Tag Archives: stratocaster

First Live VG show …

So, the first live gig – last Saturday – with the VG. I fretted about taking a backup guitar but didn’t. I switched to all NIMh batteries, the AA’s in the VG lasted the whole gig (aout 8:15pm to 1am including soundchecks) but the 9v NIMh failed after 2 mins and I fell back to a Duracell. That needs some investation.

Main lesson – It worked really well live, but I MUST MUST MUST spend a day or two tweaking the settings on the Bose to get the acoustic and clean sounds in sync with the way the VG works. I’ve settled on couple of default settings (one 12, one six) and they don’t sound ‘right’ mainly because the Bose tonematch isn’t set up right.

Dirty sounds are the best I’ve ever had, especially the VG Humbucker + Womanizer combo.

Not too heavy for 4+ hours work. It’s a keeper.

The first outing

The first outing was at practice today: here’s the rig – VG Strat, Sennheiser wireless, A/B switch – one side going into a Damage Control Womanizer and the other straight through (the reasons to become apparent shortly) the straight through and the Womanizer outputs go to channels 1 & 2 of my Bose Tonematch which fronts a Bose L1 Mk2 with dual subs. The point of the straight through to channel 2 is that I can have that channel optimized for the acoustic sounds and Ch1 optimized for electric. The Tonematch takes care of all the delay, reverb, tuner and all that stuff.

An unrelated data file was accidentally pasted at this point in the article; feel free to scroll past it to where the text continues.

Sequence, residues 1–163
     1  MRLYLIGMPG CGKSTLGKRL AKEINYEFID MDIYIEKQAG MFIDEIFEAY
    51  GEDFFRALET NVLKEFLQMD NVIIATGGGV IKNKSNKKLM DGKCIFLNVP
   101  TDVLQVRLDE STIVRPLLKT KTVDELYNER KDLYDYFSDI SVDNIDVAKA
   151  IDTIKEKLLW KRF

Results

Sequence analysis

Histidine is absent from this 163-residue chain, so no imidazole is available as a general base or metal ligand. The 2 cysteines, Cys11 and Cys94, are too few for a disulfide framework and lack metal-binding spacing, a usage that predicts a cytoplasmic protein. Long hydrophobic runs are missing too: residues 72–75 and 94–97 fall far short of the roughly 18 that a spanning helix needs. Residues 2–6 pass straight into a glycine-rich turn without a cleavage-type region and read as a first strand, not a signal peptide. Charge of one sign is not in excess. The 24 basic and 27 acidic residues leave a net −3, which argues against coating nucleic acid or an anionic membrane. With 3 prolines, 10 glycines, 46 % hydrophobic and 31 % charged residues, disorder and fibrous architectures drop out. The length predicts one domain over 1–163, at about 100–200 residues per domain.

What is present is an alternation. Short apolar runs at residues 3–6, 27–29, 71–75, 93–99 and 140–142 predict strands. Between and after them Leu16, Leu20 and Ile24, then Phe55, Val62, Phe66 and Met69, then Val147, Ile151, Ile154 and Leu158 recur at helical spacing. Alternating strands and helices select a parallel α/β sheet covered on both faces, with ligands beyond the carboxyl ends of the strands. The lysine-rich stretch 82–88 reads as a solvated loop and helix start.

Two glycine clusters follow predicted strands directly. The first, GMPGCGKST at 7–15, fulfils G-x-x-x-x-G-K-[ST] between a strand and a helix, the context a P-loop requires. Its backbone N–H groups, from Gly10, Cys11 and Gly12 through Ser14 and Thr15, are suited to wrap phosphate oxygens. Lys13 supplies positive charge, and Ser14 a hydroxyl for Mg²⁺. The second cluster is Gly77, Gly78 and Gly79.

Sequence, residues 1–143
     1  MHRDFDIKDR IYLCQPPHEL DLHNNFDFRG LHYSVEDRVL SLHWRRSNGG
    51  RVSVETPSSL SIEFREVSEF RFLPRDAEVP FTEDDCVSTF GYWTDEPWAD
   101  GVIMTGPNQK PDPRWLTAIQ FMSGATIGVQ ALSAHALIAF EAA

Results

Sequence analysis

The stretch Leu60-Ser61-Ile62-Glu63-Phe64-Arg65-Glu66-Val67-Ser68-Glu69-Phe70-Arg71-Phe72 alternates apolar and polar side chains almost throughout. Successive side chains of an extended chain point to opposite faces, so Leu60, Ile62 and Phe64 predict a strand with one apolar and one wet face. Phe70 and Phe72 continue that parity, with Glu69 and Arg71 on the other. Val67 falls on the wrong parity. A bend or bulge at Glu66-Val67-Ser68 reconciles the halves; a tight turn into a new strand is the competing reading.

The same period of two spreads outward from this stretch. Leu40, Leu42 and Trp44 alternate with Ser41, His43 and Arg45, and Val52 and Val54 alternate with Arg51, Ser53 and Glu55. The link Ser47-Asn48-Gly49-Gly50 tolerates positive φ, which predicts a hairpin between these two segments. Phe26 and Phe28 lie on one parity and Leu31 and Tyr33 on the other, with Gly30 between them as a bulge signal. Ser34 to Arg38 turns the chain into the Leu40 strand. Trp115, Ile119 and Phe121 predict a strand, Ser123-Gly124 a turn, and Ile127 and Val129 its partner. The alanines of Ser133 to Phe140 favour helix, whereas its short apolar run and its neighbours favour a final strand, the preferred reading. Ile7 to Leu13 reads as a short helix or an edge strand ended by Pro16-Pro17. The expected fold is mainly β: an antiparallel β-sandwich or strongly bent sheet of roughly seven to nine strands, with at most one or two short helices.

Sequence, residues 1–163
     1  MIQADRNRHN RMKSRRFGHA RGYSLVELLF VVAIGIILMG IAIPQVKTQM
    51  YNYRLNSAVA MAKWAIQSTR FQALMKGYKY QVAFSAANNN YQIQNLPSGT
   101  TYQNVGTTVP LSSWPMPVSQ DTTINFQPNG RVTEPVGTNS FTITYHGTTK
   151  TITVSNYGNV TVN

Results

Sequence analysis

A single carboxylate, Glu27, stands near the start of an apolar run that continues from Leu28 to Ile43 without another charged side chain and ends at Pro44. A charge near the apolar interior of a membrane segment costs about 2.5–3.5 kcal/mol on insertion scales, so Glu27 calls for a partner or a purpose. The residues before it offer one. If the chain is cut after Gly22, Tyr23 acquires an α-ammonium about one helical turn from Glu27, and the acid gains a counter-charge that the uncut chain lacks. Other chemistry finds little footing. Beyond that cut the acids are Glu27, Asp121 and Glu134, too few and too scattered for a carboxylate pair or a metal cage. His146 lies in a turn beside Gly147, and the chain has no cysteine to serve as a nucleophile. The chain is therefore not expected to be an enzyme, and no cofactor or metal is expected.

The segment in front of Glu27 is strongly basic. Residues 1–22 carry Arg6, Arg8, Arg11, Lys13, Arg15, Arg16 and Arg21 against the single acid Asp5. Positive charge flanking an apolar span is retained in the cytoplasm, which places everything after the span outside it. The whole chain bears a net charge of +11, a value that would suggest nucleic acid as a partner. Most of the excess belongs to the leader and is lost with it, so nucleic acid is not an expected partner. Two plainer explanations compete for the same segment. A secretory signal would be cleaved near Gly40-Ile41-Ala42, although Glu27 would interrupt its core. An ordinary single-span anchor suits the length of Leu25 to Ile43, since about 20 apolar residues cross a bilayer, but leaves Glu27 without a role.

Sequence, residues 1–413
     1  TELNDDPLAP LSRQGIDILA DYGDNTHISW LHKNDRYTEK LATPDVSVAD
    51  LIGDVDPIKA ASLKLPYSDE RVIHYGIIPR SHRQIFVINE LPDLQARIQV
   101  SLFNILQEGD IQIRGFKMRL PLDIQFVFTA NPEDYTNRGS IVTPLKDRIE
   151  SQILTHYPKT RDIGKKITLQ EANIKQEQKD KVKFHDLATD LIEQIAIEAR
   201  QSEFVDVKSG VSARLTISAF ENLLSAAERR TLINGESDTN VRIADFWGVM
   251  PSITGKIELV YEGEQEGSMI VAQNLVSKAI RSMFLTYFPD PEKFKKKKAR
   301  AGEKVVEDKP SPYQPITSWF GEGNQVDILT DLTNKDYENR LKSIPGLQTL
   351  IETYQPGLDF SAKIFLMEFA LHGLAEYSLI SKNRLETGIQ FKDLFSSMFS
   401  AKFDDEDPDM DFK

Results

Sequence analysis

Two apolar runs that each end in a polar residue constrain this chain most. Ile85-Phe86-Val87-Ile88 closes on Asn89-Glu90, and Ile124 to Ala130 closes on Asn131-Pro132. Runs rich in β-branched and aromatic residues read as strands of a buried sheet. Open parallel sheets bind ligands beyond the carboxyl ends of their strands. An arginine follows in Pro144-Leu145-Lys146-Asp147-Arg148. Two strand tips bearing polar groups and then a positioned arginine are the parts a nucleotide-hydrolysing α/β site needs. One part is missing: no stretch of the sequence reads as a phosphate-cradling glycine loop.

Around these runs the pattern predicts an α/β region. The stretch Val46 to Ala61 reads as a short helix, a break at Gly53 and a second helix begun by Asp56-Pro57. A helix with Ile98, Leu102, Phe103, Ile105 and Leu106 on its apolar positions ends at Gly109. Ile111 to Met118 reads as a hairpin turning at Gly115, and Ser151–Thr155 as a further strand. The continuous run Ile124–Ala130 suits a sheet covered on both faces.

After a bit of fooling around I set the electric channel up as a Strat (it was a Les Paul with the Parker), and the acoustic channel as steel string piezo (it was Taylor L5 before), and took off the reverb on the acoustic channel as it is already onboard on the acoustic sounds of the VG.

A few suprises: the ‘real’ strat (i.e. mag pickups) and the modeled strat are so close I used modeled all the time, that way I have immediate access to the tunings without fiddling with the guitar type control. Secondly, after reading other peoples blogs I went to practice (typricaly 4-5 hours) with a charged set of batteries in the guitar, and two sets of fully charged spares. It’s still going strong on the first set of batteries, so I don’t really understand what people are complaining about. I’m using NiMH 2600mAH batteries, maybe other people use smaller ones.